Callahan, J.d.c. (temporarily assigned).
On July 23, 1975 plaintiff filed an action in the Union County Juvenile and Domestic Relations Court seeking to establish that defendant is the father of her out-of-wedlock child and compelling him to provide support. Plaintiff receives assistance from the Union County Welfare Board. On March 7, 1978 the Domestic Relations judge signed an order dismissing her complaint. It provided: "Having reviewed the testimony the Court finds that the complainant has failed to prove her case by a preponderance of the evidence as required." Plaintiff filed a timely notice of appeal. The notice included a demand for trial by jury. Defendant, however, contends that plaintiff has no such right to a jury trial.
Plaintiff relies upon N.J.S.A. 9:17-20, which provides in relevant part:
Defendant, however, offers R. 4:74-6, which states that the appeal "shall be heard by the county court [now Law Division of the Superior Court in the county of venue] without a jury unless defendant demands trial by jury in his notice of appeal." (Emphasis supplied). Defendant contends that the decision to demand a jury trial is therefore his alone.
We must now consider two questions: (1) whether the apparent conflict between rule of court and statute is irreconcilable, and if so, (2) whether a court rule which limits the statutory entitlement to a jury trial offends the constitutional guarantee against impairment of that right.
The rule and statute plainly contradict each other. The Appellate Division has commented, "We note but have no occasion to resolve the apparent conflict between N.J.S.A. 9:17-20 and R. 4:74-6." Sarte v. Pidoto , 129 N.J. Super. 405, 409 (1974). However, the rule may have been intended to implement the statutory guarantee to a jury trial rather than to restrict it. The tentative draft comment states:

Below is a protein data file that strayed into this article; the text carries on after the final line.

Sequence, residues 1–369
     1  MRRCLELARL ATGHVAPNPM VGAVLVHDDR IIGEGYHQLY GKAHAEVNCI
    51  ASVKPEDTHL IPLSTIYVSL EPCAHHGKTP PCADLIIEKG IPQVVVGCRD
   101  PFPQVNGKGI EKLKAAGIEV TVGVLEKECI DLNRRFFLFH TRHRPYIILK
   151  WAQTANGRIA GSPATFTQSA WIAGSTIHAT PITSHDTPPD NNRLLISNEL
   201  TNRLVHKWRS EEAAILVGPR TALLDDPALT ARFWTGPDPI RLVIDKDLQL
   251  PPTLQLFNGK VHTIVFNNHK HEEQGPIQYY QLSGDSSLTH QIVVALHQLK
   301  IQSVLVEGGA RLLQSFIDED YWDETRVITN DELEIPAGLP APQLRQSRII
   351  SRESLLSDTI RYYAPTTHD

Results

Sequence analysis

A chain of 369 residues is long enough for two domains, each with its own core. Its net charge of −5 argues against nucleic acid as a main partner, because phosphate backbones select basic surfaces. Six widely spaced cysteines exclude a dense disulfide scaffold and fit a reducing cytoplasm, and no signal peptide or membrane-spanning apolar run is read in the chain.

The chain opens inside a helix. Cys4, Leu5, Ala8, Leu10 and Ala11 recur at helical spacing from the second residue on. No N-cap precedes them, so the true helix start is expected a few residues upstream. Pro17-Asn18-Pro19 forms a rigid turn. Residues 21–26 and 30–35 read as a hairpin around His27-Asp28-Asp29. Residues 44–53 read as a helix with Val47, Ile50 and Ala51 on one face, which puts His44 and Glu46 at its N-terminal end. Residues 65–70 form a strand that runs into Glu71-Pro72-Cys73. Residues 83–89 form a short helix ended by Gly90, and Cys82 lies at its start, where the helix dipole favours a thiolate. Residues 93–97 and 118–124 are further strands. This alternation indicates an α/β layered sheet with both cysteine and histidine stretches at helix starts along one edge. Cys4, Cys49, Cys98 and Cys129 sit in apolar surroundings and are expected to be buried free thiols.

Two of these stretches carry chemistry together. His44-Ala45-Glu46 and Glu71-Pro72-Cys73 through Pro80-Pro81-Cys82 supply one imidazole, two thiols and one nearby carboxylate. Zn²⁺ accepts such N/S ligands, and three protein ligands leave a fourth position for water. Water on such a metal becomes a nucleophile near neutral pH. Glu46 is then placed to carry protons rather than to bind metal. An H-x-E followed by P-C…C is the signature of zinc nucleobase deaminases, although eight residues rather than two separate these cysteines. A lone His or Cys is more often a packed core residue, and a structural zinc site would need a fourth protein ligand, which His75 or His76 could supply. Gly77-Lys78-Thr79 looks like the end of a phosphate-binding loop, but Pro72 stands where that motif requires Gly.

This rule makes minor changes in the source rule, adding the statutory right of appellant to demand trial by jury, cf. N.J.S.A. 9:17-20, and making clear the obligation of the lower court to transmit the notice of appeal and its record to the appellate court. [Emphasis supplied]
Had the Supreme Court intended to directly contradict the statutory grant of a jury trial to either party, which "was conceived by the Legislature to be an important attribute," Sarte, supra , 129 N.J. Super. at 408, it presumably would not have referred to it as a "minor language change." It seems more reasonable to assume that the language used in R. 4:74-6 was intended to "add" whatever "statutory right" exists under N.J.S.A. 9:17-20 to demand a jury trial.
This interpretation of the drafters' intent is supported by a comparison of the terms used in the rule itself and in the tentative draft comment. The rule refers to the "defendant's" right, while the comment uses the term "appellant." Clearly, the drafters considered the two terms to be interchangeable. That assumption is not correct in the context of bastardy proceedings, however, as defendant is not the only party able to appeal an adverse determination. N.J.S.A. 9:17-20 permits "any person charged as the reputed father . . . or the
State Board of Child Welfare or the county welfare board or any municipality aggrieved . . ." to appeal an adverse determination. Therefore, the drafters of the rule appear incorrect in assuming that a rule permitting only the defendant to demand a trial ...